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Windorah, aboriginal for “Big Fish”, dubs itself the ‘heart of the channel country’ and is a deceivingly fertile place in water and out. At the junction of the Thomas and Barcoo, two rivers form a creek; Cooper’s Creek, which is the lifeblood of the channel country and part of an ancient link between the Flinders Ranges and The Gulf of Carpentaria. Unlike all of the other towns we have visited, flooding is welcomed and in fact depended on in the town, which sits just out of the flood zone. It’s not all water sports though, Windorah gets seriously hot so buildings historically had large ventilated roof cavities, shaded verandahs, a second fly roof along with pisé walls. Now with air-con, these principles are seemingly lost. Pisé was once common throughout south-west Queensland, now, it’s hard to find. There was one last standing pisé house in Windorah that was noticeably cooler than the other dwellings.
If you compare and analyse different houses from a place, what do the differences show?
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A case study in how to plan a town not to flood! Windroah's architecture also has some cracking lessons on how to stay cool. CLICK ON THE IMAGE for the full hand drawn exhibition.
• Traditional owners = Mithaka people
• Channel Country biogeographic region
• Mean annual Temps; H - 30.5 L - 15.8
• Mean annual rainfall; 291mm
• Population; 115
• Elevation 126 m
• ‘Pise’, is an earth construction method used here from local materials, such as hard clay from anthills. Farmers told us gelatin derived from boiling hooves and horns binds the mixture together to form a solid earth wall. boiling oil is soaked into the walls to seal them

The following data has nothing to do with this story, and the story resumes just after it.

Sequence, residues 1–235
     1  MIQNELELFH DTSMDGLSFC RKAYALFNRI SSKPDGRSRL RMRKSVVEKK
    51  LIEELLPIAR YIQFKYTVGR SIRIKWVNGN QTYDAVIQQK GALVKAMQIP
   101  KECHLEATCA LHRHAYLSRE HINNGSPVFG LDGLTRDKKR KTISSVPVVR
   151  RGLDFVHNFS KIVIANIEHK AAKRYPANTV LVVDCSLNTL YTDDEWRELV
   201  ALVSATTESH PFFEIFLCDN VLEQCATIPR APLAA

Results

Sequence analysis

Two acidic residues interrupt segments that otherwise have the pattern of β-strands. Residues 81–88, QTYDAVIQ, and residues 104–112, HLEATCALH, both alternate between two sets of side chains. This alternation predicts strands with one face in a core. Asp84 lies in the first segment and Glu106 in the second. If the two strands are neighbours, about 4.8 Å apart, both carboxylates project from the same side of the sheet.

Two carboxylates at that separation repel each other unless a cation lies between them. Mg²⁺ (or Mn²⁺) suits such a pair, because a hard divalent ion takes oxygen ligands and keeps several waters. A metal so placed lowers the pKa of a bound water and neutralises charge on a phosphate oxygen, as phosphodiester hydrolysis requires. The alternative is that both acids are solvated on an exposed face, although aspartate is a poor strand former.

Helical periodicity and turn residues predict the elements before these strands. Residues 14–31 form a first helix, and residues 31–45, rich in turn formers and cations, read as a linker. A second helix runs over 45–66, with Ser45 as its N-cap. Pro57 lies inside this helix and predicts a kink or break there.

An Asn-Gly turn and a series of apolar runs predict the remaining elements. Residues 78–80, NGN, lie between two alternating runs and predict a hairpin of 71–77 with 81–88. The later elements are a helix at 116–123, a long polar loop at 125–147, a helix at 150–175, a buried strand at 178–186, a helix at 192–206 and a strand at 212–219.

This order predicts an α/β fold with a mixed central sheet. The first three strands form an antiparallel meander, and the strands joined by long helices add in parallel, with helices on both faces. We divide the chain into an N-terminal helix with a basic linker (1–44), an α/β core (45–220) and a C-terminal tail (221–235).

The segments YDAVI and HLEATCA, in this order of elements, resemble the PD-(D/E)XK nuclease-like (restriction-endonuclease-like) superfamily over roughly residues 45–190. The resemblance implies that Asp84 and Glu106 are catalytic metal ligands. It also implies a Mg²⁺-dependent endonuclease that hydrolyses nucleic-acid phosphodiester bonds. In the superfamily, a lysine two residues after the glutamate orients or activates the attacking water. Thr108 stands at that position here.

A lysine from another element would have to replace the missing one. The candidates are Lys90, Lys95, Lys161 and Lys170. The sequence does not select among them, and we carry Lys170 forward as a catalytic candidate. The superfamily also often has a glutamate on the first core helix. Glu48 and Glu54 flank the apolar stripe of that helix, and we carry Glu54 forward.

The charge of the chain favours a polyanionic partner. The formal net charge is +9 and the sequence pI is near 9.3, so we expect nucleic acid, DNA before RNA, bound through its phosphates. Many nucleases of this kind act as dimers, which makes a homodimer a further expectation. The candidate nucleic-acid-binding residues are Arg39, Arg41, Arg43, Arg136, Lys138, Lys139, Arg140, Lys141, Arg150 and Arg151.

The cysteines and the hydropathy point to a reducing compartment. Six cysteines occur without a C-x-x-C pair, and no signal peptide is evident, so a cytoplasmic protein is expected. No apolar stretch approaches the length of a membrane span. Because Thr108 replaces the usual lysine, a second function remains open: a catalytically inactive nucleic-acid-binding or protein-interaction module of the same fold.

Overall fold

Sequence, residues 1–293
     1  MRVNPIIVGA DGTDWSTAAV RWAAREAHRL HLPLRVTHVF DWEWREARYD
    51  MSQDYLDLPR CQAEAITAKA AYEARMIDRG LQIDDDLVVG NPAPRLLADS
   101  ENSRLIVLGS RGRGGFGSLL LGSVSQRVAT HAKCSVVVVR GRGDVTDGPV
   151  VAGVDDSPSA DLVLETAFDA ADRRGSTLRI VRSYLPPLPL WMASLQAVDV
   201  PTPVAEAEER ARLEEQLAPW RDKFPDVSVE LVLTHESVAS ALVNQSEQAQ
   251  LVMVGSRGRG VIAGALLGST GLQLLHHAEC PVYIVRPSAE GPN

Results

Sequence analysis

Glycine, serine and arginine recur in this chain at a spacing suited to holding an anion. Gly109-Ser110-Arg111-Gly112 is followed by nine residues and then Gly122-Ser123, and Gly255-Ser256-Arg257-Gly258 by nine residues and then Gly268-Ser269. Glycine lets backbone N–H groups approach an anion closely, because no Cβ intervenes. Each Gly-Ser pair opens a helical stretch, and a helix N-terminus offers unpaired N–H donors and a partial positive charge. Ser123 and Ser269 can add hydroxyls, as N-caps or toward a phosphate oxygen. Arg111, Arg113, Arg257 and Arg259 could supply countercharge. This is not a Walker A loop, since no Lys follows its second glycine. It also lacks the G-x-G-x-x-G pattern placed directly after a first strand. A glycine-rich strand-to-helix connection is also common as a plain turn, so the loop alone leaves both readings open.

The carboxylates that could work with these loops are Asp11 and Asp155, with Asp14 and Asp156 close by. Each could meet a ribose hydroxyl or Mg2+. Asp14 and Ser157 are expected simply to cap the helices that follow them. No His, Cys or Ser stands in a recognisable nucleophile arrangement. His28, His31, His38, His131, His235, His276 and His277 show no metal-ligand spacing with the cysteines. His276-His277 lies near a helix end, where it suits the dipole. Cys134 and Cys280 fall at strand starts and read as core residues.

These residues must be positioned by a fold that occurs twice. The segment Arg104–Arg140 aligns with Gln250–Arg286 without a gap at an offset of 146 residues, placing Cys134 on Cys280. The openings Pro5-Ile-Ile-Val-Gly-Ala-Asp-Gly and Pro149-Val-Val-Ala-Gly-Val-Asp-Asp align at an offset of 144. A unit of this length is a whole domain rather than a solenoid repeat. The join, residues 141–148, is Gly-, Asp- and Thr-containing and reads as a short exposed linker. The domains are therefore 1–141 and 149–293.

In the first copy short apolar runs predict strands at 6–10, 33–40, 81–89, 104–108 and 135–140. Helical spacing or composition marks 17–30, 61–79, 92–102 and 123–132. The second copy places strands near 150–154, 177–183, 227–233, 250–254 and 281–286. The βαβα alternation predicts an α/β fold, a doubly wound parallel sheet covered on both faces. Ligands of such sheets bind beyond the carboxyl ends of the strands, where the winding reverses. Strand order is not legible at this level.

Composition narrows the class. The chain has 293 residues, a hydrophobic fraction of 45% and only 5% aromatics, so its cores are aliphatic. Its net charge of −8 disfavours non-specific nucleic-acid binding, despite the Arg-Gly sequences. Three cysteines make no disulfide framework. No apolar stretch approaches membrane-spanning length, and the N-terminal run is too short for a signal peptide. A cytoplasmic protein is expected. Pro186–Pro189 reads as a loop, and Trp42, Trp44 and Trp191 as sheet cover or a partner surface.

Windorah is on the banks of the Coopers Creek, this is the lifeblood of this area providing nutrient rich alluvial plains for humans and animals alike.
Bobbie found a crusty abandoned yabbie net in the river, sewed it back together with dental floss and caught us some dinner. This is a momento.
Bobbie barefoot sewing a yabbie trap back together with dental floss.
Many locals use the Cooper as a spot for fishing or recreation. The local officer does both and uses his kayak to travel to his favourite yabbie spots
There are permanent water holes along the cooper but it doesn’t always flow. Although when it does it can spread out to be kilometers wide.
This is the old jail cell in Windorah, typical of remote country town cells. The small windows and low light in the cell has preserved the ceiling timbers beautifully.
This is a building type particular to Windorah, the completely meshed in picnic area, for protection from flies and moths.
Fly screens don’t always work. Maintenance is sexy.
We presented at the Info centre in town. The Windorah public school even made a specialty trip down to see our display.
As we rode further west, the landscape became more and more barren. We were getting close to some deserts.
The western awning on the Betoota hotel dips low to protect the stone walls from the sun and rain. This also provides space for a sleep out on hot nights so you can get a breeze across your body.
Notice the low awnings and plenty of shading over almost everything. Crucial to keep a high thermal mass building cool.
Now into the flat country as they call it. At the time it didn’t feel flat. Nothing does on a bike but in retrospect it was quite level.
Birdsville, our next stop. Only 360kms to go. This would take us about 5-6 days on these roads.